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Oil-Spill Subpoenas Stayed – for a While

HOUSTON (CN) - Proceedings in the United States' action to enforce subpoenas against Transocean Deepwater Drilling, in a federal investigation of the Deepwater Horizon disaster, are on hold until the multidistrict litigation panel decides whether to transfer the case.

The United States filed a petition on Oct. 12, to enforce administrative subpoenas issued to Transocean by the U.S. Chemical Safety and Hazard Investigation Board.

The board issued three records subpoenas and two interrogatory subpoenas as part of its investigation of the April 20, 2010 Deepwater Horizon explosion that killed 11 and set off the worst oil spill in U.S. history.

The chemical safety board, established by Congress in the Clean Air Act Amendments of 1990, examines accidental releases of hazardous substances that lead to serious injury, death or substantial property damage.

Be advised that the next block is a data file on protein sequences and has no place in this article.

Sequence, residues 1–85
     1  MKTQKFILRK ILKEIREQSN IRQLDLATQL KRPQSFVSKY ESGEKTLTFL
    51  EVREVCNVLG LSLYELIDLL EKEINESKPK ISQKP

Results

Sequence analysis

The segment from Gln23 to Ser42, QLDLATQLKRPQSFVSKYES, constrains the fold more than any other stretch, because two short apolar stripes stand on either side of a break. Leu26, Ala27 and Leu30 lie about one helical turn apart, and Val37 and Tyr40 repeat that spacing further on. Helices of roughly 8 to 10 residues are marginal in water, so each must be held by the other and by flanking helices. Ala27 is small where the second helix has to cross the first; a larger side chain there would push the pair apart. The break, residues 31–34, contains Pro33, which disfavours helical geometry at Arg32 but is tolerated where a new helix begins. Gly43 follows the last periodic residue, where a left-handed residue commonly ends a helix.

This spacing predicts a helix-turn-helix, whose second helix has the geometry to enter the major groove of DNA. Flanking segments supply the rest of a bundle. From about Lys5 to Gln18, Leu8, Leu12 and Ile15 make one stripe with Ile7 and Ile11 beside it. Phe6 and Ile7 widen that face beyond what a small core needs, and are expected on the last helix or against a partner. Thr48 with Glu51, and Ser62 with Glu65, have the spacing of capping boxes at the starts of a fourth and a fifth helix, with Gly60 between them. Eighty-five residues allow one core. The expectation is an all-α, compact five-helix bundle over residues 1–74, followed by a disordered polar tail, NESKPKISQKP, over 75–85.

Rather than looking into the marine spill, the board is concerned with the effect of the Deepwater Horizon explosion on the ambient air.

The United States says Transocean often gave inadequate responses, when it gave any response at all, to the five subpoenas, prompting it to file the federal petition.

Transocean sought to expedite consideration and stay the petition to enforce the subpoenas until the multidistrict litigation (MDL) panel that has been handling Deepwater Horizon issues decides whether it should grant Uncle Sam's motion to vacate an order for conditional transfer of the petition to the Eastern District of Louisiana.

Transocean says that without the stay it might otherwise have to deal with duplicative discovery and proceedings.

U.S. District Judge Lee Rosenthal granted both of Transocean's motions on Monday, opting to await a decision by the MDL panel.

"The MDL Panel has set a very efficient briefing schedule on the motion to vacate," Rosenthal wrote. "It is reasonable to anticipate that the delay will be short."

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